The long bones, i.e., the bones of the limbs, are those commonly broken, but short, flat and irregular bones are frequently injured.

Broken back may happen when a dog is run over, but this is more liable to happen to a non-sporting dog, or rather to such as are kept in the neighbourhood of busy thoroughfares.

A senseless puppy sometimes meets with an accident of this class.

A dislocation is an injury whereby the bone is forced out of its place.

The short bones of the feet are often broken, and their repair is usually an easy one, though, as in the case of the other fractures, complicated, if a wound be present.

Fractures of the skull are not common injuries amongst dogs, and when they do occur, call for special skill in treatment.

If the broken ends of a bone are not accurately adjusted, a deformed, or false, union results, more or less spoiling the utility of the animal.

As a rule, considerable swelling comes on after fracture of the long bones, especially of the forearm, therefore an effort must be made to subdue this by bathing freely with warm water.

Well-padded splints should be used—if applicable— and applied directly to the skin, being retained in position by a bandage.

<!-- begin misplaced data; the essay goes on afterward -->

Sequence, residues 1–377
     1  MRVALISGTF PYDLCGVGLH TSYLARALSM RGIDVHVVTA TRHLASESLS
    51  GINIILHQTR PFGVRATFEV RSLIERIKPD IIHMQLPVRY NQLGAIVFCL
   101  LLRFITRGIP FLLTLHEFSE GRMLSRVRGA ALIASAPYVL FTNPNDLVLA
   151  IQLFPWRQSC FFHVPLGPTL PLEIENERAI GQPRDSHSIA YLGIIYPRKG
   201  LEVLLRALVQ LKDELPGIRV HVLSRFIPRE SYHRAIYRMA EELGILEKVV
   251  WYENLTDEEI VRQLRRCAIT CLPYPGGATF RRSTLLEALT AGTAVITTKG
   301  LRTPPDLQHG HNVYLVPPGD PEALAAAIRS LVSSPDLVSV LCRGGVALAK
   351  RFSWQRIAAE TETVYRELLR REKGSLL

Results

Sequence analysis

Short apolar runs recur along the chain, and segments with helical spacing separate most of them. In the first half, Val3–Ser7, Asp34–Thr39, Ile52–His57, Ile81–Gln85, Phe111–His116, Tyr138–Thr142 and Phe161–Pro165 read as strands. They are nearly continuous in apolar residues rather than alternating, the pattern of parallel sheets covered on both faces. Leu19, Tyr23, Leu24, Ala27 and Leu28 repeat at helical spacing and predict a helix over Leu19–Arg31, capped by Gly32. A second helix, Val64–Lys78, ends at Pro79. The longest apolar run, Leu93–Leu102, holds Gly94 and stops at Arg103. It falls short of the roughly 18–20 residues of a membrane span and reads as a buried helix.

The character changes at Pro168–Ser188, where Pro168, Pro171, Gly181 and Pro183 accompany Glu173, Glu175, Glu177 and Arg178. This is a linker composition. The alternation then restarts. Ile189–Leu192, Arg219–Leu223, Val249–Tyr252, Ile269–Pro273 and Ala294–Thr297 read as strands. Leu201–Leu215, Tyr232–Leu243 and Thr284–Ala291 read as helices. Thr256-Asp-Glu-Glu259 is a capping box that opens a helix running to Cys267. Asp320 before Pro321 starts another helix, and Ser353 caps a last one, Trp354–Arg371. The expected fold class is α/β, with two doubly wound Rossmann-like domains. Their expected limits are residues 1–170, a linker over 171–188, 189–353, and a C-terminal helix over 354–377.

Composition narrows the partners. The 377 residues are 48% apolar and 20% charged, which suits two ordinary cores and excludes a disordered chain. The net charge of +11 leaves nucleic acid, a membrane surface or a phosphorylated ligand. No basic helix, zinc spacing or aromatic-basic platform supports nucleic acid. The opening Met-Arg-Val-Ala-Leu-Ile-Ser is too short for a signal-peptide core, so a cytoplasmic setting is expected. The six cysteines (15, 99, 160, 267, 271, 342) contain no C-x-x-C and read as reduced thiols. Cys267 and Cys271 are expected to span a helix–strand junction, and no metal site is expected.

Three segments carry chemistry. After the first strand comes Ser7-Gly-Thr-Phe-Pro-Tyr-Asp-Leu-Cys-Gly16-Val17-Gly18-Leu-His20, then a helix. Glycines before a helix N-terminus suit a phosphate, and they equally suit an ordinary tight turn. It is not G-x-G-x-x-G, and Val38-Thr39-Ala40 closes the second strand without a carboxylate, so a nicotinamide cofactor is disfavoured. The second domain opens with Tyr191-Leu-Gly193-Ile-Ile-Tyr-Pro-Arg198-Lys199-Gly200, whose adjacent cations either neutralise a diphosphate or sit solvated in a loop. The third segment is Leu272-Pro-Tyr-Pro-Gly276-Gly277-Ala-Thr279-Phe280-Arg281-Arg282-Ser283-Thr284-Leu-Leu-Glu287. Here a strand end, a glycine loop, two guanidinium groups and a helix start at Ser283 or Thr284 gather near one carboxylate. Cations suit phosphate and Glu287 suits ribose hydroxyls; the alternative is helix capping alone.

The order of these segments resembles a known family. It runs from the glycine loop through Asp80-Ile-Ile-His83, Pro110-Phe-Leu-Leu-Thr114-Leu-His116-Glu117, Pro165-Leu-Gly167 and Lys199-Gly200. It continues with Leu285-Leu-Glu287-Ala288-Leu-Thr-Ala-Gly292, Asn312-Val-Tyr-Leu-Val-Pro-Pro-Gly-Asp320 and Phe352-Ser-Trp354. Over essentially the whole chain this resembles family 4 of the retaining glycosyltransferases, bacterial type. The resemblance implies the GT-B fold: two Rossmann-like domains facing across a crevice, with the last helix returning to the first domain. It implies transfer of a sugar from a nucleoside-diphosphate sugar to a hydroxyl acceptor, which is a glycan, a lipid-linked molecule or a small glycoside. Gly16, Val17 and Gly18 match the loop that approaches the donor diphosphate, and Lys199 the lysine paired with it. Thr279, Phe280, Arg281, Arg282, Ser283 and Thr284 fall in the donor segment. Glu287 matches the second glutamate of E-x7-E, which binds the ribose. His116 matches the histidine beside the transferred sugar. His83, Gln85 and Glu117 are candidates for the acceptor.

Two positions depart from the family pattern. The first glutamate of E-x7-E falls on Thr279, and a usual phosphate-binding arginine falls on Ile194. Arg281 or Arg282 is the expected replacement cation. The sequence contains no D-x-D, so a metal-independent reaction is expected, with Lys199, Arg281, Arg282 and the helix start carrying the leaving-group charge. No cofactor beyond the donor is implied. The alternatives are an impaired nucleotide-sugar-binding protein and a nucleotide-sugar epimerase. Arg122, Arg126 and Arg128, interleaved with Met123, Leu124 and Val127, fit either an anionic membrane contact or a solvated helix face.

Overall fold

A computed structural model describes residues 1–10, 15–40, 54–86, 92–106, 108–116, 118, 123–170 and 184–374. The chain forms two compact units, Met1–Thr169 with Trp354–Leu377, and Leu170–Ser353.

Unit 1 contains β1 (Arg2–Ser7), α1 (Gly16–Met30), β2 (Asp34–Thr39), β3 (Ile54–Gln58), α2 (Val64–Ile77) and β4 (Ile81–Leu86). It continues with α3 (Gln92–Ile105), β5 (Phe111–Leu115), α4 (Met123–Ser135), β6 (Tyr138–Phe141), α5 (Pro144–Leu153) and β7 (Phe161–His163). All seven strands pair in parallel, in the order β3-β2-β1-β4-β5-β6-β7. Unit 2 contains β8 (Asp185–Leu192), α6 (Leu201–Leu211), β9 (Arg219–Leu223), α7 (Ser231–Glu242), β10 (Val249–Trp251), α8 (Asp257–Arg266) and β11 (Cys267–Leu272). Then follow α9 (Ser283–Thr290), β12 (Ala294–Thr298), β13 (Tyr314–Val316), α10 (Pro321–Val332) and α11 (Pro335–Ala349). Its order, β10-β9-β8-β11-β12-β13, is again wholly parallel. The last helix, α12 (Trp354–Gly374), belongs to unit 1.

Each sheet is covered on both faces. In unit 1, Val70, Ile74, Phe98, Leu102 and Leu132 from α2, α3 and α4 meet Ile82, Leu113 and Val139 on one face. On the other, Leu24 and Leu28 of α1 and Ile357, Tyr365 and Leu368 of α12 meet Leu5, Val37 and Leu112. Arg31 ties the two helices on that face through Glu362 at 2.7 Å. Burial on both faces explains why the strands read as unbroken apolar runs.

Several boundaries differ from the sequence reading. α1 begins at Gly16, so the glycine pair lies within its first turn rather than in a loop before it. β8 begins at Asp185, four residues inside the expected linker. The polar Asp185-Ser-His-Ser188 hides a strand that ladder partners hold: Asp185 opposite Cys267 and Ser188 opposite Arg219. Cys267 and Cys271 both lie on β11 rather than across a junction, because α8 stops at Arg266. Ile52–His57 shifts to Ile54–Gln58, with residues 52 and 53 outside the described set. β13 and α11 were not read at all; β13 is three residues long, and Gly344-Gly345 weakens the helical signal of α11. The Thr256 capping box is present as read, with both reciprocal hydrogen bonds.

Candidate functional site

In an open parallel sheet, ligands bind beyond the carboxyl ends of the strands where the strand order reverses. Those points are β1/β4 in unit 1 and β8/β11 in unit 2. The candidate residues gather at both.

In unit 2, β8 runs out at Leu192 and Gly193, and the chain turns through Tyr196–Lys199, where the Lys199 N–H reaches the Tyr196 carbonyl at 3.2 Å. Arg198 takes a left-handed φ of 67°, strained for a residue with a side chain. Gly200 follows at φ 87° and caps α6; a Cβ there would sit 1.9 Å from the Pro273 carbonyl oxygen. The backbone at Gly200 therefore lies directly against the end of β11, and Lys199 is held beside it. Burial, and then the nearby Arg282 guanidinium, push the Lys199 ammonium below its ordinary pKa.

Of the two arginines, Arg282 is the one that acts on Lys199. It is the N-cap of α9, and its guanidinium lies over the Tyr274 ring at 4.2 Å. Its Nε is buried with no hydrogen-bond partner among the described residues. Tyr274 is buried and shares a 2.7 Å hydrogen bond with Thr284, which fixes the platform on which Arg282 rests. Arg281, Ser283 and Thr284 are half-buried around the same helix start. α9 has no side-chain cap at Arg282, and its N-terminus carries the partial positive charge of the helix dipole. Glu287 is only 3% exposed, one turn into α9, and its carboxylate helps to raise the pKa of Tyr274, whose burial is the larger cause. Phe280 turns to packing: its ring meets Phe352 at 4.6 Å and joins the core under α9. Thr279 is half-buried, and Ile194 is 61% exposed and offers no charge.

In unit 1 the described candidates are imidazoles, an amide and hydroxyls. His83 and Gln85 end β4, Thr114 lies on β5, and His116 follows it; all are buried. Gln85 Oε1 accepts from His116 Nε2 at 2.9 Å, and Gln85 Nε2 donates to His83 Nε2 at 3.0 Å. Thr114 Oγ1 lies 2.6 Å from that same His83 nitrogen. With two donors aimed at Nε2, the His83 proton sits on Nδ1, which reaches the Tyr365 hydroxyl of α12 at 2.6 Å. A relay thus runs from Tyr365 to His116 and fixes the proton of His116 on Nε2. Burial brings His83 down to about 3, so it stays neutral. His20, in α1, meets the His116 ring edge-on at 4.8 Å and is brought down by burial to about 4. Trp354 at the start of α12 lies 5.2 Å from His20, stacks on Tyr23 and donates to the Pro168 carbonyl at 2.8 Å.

If the bandage is too tightly applied, the circulation to the part will be interfered with, probably destroying the vitality of it. Coldness and numbness are the chief signs of this.

Leather, wood, gutta-percha, starch, egg and gum, etc., are all used as supports to a broken limb. A plaster bandage is very useful.

In the case of a valuable dog, it is advisable to consult a qualified veterinary practitioner.

Rest is of course an indispensable factor in the treatment of both fractures and dislocations.

When a dislocation accompanies a fracture, or wound and fracture, at a joint, the animal should be destroyed, as the results of surgery under these conditions is not often satisfactory.